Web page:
Next, identify a common theme across the chosen features making it easy to track them later. If you have more than one theme for all the features, it is best to put them in buckets. This way, even if you are working on different features, it’s easy to quantify the performance.

Factor in the feasibility of each feature as you go along. Consider the impact versus the effort required to meet the bare minimum needs. As you work your way through these steps, make sure to strike out every feature that does not contribute to either product viability or marketing your product.

In the end, if your product isn’t viable, it’s going to exhaust your resources faster than expected. And since the viability is at stake, it will be harder to market your product as a dependable solution to your audience.

Step 4: Tracking each feature with a work management dashboard 

To ensure the product features are consistent with your product vision, set up a work management dashboard. With this, you can prioritise every feature and track progress on all of them.

When setting the dashboard, try to be lean. You don’t need an extensive set of KPIs to track. Focus on each theme as selected earlier and narrow it down to each feature. You could begin by tracking customer channels like customer acquisition or engagement and the revenue numbers to break even.

Of course, you also need to consider the long-term aspects like MVP architecture, road-mapping, and the technology stack to optimise the MVP development time and cost efforts. 

While these will come in due course, ensure that you minimise the risks involved with each feature, especially when it comes to adding in more functionalities with time.

Step 5: Third-rarty APIs for additional functionalities

The crucial step after tracking the features is taking in the customer feedback. You could get great feedback on your existing features, or the feedback could be asking for more features. If you need to polish your current features, it’s time to immediately put your developers to work.

If you add complex functionalities, consider using third-party APIs to meet the needs instead of building from scratch. By doing so, your business is primed to respond quickly to market demands. It also fastens the speed to market, reducing the time spent from months to a few weeks.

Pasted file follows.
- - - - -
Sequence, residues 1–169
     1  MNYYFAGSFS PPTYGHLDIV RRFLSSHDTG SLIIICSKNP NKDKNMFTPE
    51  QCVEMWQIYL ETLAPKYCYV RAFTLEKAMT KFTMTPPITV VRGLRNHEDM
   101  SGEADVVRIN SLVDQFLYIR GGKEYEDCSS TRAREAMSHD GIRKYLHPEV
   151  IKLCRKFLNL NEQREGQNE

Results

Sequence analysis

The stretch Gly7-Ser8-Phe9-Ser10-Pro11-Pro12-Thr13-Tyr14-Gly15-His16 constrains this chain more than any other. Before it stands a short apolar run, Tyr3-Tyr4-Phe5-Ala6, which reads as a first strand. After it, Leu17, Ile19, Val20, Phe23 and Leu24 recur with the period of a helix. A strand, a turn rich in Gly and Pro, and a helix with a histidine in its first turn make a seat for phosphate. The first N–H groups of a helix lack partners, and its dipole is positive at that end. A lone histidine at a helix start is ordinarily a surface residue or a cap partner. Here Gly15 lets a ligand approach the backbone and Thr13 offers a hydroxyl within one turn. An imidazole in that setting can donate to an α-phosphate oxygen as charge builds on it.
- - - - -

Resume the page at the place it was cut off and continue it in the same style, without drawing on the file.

Your in-house team might be equally competent to take on this mammoth task with the assistance of a sizable budget. But unless it is fine-tuned to quickly serve the right audience with their specific needs and an excellent customer experience, you’re better off relying on the expertise of third-party APIs.

Third-party APIs take on complex functionalities with ease. It allows non-technical product owners to explore these functionalities without having the technical expertise. Another advantage of working with products like Thunkable is you can quickly and efficiently create apps without worrying about additional in-house budgets, hiring experts, or prolonging your product launch in the market.


Your app could be your next big dream and a solution to a deeply ignored market potential for a product. But unless you validate your idea, it’s going to be a long-drawn and expensive hobby. 

Choosing the best features might be the most challenging task but doing so gives your app the necessary focus. Consider placing the features in themes or categories for better usability and tracking later.

It’s also a much-needed part of your app journey, especially if product viability is a top priority. By regularly tracking the app features, you can align your audience needs to your app goals, making the entire project a seamless experience.

And if adding complex functionalities to your app is on your agenda, then third-party APIs can be a saving grace, especially when speed, reliability, and expertise are something you can’t ignore.

Created by

Alexis Pratsides